Kentucky can get healthier if more people take responsibility for their choices

Published 9:12 am Monday, January 8, 2018


Guest columnist

Why is it that the choices we often make regarding our Health are the least thought-out but can have the greatest impact on our lives?

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What I am not talking about is disease, sickness, accidents, etc. that happen to all of us during our lives that we can’t control. They just happen and we have to deal with the consequences. What I am talking about is the choice we make that leads to negative outcomes and preventable diseases/issues regarding our health and our personal lives.

Personal responsibility seems to have taken a back seat to blaming others for our actions and the consequences. Relying on others to help us manage our daily lives or “fix” us when we deal with these consequences has become a business. It seems as if the ability to make effective personal choices is no longer looked upon as possible. Why?

It is a well-known fact that Kentucky ranks near the bottom in most indicators of physical health. This includes adult/youth obesity, use of tobacco products, overdose deaths, heart disease and cancer deaths. An example of this is the discussion of increasing taxes on tobacco products.

The Herald-Leader recently published these quotes: “Four in five adult smokers start before they are 18; just one in 100 start after age 26. Young people are especially sensitive to price increases, which is a big reason tobacco taxes are a proven public-health strategy. A $1 increase in the cigarette tax would initially generate $266 million a year for the state. (Kentucky would still be under the national average state cigarette tax of $1.71.”

President and CEO Ben Chandler of the Foundation for a Healthy Kentucky says the tax hike will help reduce smoking and save on health care costs. The foundation, citing the CDC, says Kentucky is the 49th worst state in America for cigarette use among adults and 36th for youth smoking. That means it has the second highest number of adult smokers in the country.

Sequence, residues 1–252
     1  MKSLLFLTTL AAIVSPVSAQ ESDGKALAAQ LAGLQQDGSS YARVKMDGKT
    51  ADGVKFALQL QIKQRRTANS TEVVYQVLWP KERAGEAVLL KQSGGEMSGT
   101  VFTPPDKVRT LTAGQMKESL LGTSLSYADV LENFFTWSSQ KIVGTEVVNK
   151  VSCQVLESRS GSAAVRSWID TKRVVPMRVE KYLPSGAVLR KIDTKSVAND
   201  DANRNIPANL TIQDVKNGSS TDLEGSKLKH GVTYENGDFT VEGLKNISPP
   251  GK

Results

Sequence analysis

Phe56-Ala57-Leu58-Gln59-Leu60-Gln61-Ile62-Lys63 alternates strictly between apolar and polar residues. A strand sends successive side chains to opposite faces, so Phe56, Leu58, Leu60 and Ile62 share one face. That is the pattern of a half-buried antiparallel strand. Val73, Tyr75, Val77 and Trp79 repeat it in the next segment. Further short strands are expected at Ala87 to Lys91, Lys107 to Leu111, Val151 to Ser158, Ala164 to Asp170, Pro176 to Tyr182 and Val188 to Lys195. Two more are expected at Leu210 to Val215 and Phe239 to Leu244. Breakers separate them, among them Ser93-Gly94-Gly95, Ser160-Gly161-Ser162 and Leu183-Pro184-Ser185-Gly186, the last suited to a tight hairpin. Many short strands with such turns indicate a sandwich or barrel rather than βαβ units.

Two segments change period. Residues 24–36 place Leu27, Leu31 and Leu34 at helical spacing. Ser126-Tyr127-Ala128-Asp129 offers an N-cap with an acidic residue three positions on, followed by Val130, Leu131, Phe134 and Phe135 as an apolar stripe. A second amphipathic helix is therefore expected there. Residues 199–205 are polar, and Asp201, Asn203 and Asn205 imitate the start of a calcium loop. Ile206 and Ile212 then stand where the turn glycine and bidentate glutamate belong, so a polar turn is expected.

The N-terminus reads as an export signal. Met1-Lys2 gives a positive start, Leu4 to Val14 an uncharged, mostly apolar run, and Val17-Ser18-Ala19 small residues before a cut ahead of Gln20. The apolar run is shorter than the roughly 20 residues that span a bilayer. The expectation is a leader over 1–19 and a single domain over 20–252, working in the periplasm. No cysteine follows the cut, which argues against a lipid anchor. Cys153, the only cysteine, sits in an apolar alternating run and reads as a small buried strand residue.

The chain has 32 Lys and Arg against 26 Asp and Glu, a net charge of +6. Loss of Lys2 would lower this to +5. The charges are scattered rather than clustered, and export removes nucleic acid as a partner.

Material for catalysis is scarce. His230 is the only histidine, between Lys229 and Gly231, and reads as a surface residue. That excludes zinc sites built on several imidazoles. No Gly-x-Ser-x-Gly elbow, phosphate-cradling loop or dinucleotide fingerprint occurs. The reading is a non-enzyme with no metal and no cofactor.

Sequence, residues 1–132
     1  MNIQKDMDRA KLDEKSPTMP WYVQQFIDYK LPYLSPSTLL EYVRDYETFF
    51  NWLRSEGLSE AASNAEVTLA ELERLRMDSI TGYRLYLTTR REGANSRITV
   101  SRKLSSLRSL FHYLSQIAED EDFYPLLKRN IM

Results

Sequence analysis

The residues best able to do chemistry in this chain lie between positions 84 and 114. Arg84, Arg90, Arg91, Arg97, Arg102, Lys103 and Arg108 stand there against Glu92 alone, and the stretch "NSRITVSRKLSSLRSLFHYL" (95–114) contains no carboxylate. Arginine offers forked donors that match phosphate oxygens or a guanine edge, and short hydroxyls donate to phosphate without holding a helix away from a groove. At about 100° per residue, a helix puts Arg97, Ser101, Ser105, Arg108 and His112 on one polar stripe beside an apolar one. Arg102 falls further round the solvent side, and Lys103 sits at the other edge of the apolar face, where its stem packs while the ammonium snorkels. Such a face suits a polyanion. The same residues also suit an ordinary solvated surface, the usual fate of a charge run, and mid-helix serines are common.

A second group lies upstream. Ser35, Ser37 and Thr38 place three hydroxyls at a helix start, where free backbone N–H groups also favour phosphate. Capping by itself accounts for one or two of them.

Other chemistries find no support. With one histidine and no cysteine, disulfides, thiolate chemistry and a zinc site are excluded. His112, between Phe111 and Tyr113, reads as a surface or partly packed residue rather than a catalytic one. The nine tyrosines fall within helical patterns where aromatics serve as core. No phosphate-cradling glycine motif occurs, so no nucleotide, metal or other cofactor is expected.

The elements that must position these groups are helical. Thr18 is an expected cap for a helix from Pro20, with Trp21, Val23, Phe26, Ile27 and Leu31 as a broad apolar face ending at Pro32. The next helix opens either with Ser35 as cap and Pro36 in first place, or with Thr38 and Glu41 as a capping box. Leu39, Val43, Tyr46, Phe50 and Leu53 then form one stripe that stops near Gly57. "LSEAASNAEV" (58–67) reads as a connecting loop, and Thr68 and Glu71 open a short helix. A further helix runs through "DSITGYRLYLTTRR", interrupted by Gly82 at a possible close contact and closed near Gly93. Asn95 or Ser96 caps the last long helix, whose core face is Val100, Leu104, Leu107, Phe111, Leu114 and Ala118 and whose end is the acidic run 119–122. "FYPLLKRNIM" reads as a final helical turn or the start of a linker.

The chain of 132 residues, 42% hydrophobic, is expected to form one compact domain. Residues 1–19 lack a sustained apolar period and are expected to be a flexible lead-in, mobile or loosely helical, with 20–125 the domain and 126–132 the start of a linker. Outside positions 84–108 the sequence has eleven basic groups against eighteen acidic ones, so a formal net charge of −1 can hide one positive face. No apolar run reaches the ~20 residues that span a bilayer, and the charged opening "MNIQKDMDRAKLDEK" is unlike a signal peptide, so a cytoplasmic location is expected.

Chandler also stated that Kentucky ranks 48th in the nation for overdose deaths, 40th in youth obesity, 46th in adult obesity, 43rd in heart disease deaths and 50th in cancer deaths.

The World Health Organization had these recent comments on disease/health: “The World Health Organization (WHO) estimates that by 2020, two thirds of all diseases will be the result of lifestyle choices. The leading causes of death among adults in the United States are related to lifestyle, including tobacco use, poor diet, physical inactivity, and excessive alcohol consumption.”

Why? We as Kentuckians have not always taken on the personnel responsibility to be as healthy as we can be. The facts for Kentucky show a difficult picture for all of us living here, encompassing personal, financial and societal issues that define what our state is known for. We can’t go on forever blaming others for our issues, saying there are no resources and waiting for the government to help. We must be responsible.

So, what do we as individuals do to impact these numbers in Kentucky? Be responsible individually in the things we can control. Eat healthy, exercise daily, don’t use tobacco products, stop any use of illegal drugs/products, avoid sugary drinks, schedule a physical with a doctor, stop alcohol use, visit the library/use the internet to help find resources (always verify that resources are reputable before using), find a group that you can join for support, find positive friends, talk to others. When professional help is needed, find it. And find your religious/soul support.

My point is this: Let’s all be responsible every day to be the healthiest we can be. We can change individually first, encourage others to change with us, watch as others around us start positive steps, and then celebrate as Kentucky moves from the bottom of the list to the top.

Brent Blevins is director of the Boyle County Health Department.